successfully avoiding the discomfort and awkwardness of riding a horse
since I was in junior high at camp (a memory I had repressed along
with that of my parachute pants), while on vacation, I found myself
actually paying for the privilege of a two hour (yes, two hour) trail
ride on the beaches of South
Padre Island. The purpose of this voluntary humiliation was so
that my competitive equestrian-riding daughter, Ally, wouldn't have
to do it alone and I could make the fatherly gesture of watching over
and protecting her. It almost immediately became clear, though, that
what I was really doing was providing comic relief for everyone there,
and not because I was trying to be funny.
My first mistake, other than getting up that morning, was my outfit.
Apparently, khaki shorts and flip-flops aren't ideal equestrian attire-if
you want to be able to walk afterwards. Because of my choice footwear,
one of the guides (stifling his laughter) had to cram my feet into
the stirrups for me as if I was Miss Piggy in the shoe department
at Dillard's. My shorts revealed my next problem. For some reason,
I thought the saddle would be softer, or at least feel less like I
was straddling a utility pole wrapped in razor wire. No matter which
way I shifted, I found no relief from this contraption that seemed
designed to turn me into a human croquet wicket. And every time I
jostled the saddle in my attempts to find the spot without the broken
glass, my horse looked back at me as if to ask, "Really?!"
Speaking of the horse, I was told that his name was Dr. Pepper. "How
cool!" I thought. "I love Dr. Pepper!" At first I assumed he got his
name from his dark caramel coloring, flecked with white-like the carbonation
in my favorite soda. Or maybe his name came from his "peppy" spirit.
I soon realized, however, that his name must have been based on his
personality. He was like the cranky old lady who has to drink at least
two full cans of Dr. Pepper a day while watching reruns of Family
Feud, or her rheumatism acts up and she's meaner than an old lady
who ran out of Dr. Pepper and her game show was pre-empted by a Presidential
State-of-the-Union Address announcing a plan to ban canned soft drinks
and any television programs featuring Steve Harvey. On the day of
my ride, there was no soda, and the survey said, "You're dead!"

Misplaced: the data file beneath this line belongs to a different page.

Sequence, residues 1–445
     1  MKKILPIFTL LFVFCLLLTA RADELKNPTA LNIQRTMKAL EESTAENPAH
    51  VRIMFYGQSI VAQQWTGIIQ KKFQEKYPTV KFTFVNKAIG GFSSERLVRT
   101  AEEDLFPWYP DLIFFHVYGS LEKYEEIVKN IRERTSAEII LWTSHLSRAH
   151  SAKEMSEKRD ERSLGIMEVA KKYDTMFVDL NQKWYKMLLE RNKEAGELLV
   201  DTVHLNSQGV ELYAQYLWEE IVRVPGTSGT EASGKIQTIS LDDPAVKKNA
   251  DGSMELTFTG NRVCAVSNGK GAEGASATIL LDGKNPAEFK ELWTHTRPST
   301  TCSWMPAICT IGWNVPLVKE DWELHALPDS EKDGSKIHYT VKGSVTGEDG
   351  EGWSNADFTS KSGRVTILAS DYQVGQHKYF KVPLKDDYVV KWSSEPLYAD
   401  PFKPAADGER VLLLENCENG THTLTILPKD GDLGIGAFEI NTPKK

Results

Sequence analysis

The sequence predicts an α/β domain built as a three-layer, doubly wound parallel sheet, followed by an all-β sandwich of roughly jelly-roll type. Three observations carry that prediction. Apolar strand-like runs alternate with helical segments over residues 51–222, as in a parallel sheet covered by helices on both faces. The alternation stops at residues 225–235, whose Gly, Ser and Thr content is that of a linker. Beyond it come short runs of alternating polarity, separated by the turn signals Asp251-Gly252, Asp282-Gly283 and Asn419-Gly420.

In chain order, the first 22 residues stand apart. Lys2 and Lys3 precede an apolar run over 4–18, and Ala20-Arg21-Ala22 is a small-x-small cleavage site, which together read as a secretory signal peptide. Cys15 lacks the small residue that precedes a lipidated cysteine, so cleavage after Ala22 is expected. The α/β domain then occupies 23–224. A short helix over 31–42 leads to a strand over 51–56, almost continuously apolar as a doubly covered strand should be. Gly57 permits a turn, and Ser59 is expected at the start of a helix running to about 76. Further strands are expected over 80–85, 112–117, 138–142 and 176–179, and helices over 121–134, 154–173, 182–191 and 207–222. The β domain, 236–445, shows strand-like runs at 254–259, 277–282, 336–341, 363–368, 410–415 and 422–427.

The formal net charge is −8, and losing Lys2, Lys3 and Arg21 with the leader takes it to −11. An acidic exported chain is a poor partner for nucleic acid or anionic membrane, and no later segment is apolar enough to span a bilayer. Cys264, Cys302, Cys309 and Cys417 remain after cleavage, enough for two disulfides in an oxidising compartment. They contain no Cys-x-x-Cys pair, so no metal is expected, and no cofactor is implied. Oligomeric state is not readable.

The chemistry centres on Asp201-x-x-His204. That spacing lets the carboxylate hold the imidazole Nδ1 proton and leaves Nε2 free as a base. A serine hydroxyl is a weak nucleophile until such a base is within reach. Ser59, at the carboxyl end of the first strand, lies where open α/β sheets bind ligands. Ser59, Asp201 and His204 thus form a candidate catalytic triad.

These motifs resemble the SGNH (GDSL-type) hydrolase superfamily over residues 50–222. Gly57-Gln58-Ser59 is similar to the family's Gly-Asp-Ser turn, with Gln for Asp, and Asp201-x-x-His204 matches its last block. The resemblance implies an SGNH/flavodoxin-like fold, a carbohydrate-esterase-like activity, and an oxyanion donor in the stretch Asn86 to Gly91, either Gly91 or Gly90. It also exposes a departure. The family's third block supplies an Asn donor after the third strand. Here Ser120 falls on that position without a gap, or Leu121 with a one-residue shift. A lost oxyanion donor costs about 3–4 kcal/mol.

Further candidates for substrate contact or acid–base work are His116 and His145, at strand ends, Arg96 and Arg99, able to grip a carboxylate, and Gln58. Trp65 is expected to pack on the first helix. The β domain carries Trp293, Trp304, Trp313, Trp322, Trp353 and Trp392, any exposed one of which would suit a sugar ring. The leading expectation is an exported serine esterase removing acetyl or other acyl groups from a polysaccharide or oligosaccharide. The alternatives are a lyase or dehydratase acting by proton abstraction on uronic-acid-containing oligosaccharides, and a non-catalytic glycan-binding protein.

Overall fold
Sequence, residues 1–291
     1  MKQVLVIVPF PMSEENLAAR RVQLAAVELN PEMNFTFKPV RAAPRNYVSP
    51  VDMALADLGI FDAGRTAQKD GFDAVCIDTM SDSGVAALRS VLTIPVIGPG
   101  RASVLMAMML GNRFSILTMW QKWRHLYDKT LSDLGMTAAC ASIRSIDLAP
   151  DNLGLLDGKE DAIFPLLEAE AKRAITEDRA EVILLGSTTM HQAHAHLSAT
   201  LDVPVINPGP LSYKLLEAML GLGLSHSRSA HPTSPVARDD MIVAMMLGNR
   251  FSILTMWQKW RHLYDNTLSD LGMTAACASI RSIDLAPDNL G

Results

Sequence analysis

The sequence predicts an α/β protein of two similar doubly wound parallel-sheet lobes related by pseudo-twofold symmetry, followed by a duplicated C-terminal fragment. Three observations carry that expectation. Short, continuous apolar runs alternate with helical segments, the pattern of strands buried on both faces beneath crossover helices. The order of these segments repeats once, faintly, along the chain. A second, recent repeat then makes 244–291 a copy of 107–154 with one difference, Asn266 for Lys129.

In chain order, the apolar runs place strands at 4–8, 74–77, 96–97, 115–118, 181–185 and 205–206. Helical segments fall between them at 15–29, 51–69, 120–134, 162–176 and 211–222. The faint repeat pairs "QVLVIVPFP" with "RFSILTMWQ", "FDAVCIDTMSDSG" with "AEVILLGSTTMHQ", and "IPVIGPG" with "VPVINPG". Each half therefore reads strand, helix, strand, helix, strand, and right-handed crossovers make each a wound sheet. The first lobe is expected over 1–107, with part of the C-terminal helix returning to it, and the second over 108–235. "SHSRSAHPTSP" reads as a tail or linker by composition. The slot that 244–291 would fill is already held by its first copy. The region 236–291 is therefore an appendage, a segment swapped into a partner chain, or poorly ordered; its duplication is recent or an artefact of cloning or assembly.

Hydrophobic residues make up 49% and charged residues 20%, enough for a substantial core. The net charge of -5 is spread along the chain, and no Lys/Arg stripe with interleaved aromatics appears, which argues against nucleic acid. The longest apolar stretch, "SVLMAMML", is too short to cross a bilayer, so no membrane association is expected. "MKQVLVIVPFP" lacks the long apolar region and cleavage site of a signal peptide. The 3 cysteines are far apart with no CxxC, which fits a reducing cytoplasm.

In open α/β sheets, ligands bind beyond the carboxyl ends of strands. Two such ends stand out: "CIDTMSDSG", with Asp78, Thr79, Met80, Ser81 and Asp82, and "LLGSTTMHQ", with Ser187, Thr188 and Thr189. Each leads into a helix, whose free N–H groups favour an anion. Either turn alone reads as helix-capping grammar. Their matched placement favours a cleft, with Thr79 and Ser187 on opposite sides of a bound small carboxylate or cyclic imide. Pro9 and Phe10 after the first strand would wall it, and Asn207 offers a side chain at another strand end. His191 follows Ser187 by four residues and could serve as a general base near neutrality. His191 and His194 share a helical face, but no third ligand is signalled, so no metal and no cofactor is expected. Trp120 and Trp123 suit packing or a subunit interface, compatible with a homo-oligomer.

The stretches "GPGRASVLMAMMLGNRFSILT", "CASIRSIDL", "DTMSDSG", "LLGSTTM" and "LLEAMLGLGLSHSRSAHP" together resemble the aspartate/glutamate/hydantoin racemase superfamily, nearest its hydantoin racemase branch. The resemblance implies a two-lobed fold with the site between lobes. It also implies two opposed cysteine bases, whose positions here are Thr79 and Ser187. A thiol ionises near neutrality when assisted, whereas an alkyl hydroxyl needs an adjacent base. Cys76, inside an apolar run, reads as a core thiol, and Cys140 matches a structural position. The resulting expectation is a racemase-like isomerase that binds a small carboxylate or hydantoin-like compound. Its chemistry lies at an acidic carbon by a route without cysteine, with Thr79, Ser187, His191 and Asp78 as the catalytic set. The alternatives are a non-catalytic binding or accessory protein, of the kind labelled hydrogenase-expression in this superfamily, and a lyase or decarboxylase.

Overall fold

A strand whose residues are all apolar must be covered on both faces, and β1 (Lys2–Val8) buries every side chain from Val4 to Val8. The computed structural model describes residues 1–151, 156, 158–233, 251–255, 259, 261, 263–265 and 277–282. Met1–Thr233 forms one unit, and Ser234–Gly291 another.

When we first started out along the shoreline, everything seemed fine.
Dr. Pepper was actually moving, and I hadn't fallen off and been trampled
to death. He did seem to have a fixation with the hind quarters of
the horse in front of us and had no respect for personal space. Ally
was expertly guiding her horse left and right, in and out of the shallows
with a mastery of the reins, occasionally throwing me a glance full
of pity and embarrassment. I figured that if a thirteen-year-old girl
could do it, I could, too. Or at least I could get Dr. Pepper to avoid
exposing me to further ridicule because of where he chose to stick
his nose. However, when I pulled my reins to the right or the left,
Dr. Pepper just snorted what I'm sure was a horse insult at me and
went right on nasally violating the leader horse. Oh, well, at least
he was enjoying himself and not maiming me. I was even able to take
a few (hundred) photos of Ally with my 35mm camera, which, while riding
a horse, was a little like juggling a family of hedgehogs while balanced
on a broom handle. Ally hates to have her picture taken, especially
by me, so naturally, I risked life, limb, and lots of other body parts
to take as many as possible.
To make the
ride more interesting for us, and more amusing for the guides, they
eventually led us off of the shoreline and up into some steep dunes
that overlooked a beautiful valley. The serenity of this magnificent
natural scene was soon shattered, however, by the sudden onslaught
of a biblical plague of rabid pterodactyls. Ok, they were mosquitos,
but when we swatted them, they actually made a thud on the ground.
And remember; I was wearing shorts and flip flops, so when I first
looked down at my legs, they looked like the buffet lines at Golden
Corral on a Sunday after church. Dr. Pepper didn't seem to mind
that much. In fact, I think I heard him giggling.
Once we escaped the bloodbath in the dunes, we rode back down to
the shore and through a shallow tidal marsh to see the sun setting
over the water. It was a magnificent sight. Despite the hardships,
it really was a special time to spend with my eldest child doing
what she loves. I just hope she remembers this thirty years from
now when I ask her to bring me my second Dr. Pepper and turn up
© Jase Graves
"Quips and Salsa" June
15, 2017 column